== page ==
Fallen Angels | Study Guide

Walter Dean Myers

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Fallen Angels | Chapter 13 | Summary

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Summary

Just before Christmas 1967, the squad believes that the war will be over before the holiday. Walowick is sent away to get a rash treated. There are rumors that the truce established for Tet—Vietnamese New Year—will be extended. Christmas comes and goes, but the soldiers hear of more fighting instead of less. Walowick returns just in time to join the squad as they head out for their first patrol led by Lieutenant Gearhart, a nighttime "interdiction patrol" to obstruct passage between two villages. They are joined by two new "brothers"—African American men—named Nate Turner and Darren Lewis. Lieutenant Gearhart sets them up for the ambush, but everything goes wrong. The squad manages to retreat to the pickup chopper, but the squad has made many mistakes. Gearhart mistakenly threw the flare, Perry had set the claymore mine backward, and Walowick's gun went off as he entered the helicopter, shooting the medic. Nate Turner was shot and dies in the helicopter before it reaches the camp.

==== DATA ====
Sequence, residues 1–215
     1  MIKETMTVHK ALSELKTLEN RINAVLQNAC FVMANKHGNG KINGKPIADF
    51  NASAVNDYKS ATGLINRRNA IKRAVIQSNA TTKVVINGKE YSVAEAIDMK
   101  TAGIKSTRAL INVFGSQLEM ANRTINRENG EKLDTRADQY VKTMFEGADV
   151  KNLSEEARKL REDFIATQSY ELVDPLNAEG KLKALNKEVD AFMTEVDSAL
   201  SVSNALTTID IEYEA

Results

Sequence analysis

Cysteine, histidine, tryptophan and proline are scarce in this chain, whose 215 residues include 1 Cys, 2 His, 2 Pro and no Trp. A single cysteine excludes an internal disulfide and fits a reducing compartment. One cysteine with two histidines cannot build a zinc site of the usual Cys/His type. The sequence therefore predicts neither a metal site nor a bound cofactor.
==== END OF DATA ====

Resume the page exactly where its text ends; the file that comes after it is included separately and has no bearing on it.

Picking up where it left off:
Analysis

The men are wary to head out under Lieutenant Gearhart, whom they do not trust as much as they did Lieutenant Carroll. They have good reason, because he is trained in surveillance, not in leading ambushes. His mistake in throwing the flare revealed the positions of everyone on the squad and subjected them to fire from the enemy and likely led to the death of Nate Turner.

Perry's mistake would have been worse than Gearhart's, in that it would have led to the death of more soldiers, but at least he is not in a position of power. The claymore mines are designed to explode in a single direction, and Perry should have set it to explode away from the squad. When the flare goes up, Simpson and Perry both see a Viet Cong soldier moving away from the claymore. The Viet Cong had seen it and turned it so that when it exploded, it should have fired toward Perry's squad. However, Perry had set it the wrong way, so the reversal ended up being to their advantage.

Walowick's mistake was in some ways the smallest. Overwhelmed by the events that had transpired, Walowick forgets to engage the safety on his gun as he enters the helicopter. His shot wounds the medic but does not kill anyone.

Complete chaos marks the attempted ambush and subsequent firefight. The person in charge makes a critical error. Forgetfulness and rushing lead to Perry's error. Terror and lack of organization cause Walowick's error. Both Perry and Walowick's errors could have been prevented by better leadership. Myers uses these events to draw an eloquent picture of the way that a lack of qualified soldiers and leaders contributed to unnecessary deaths during the Vietnam War.

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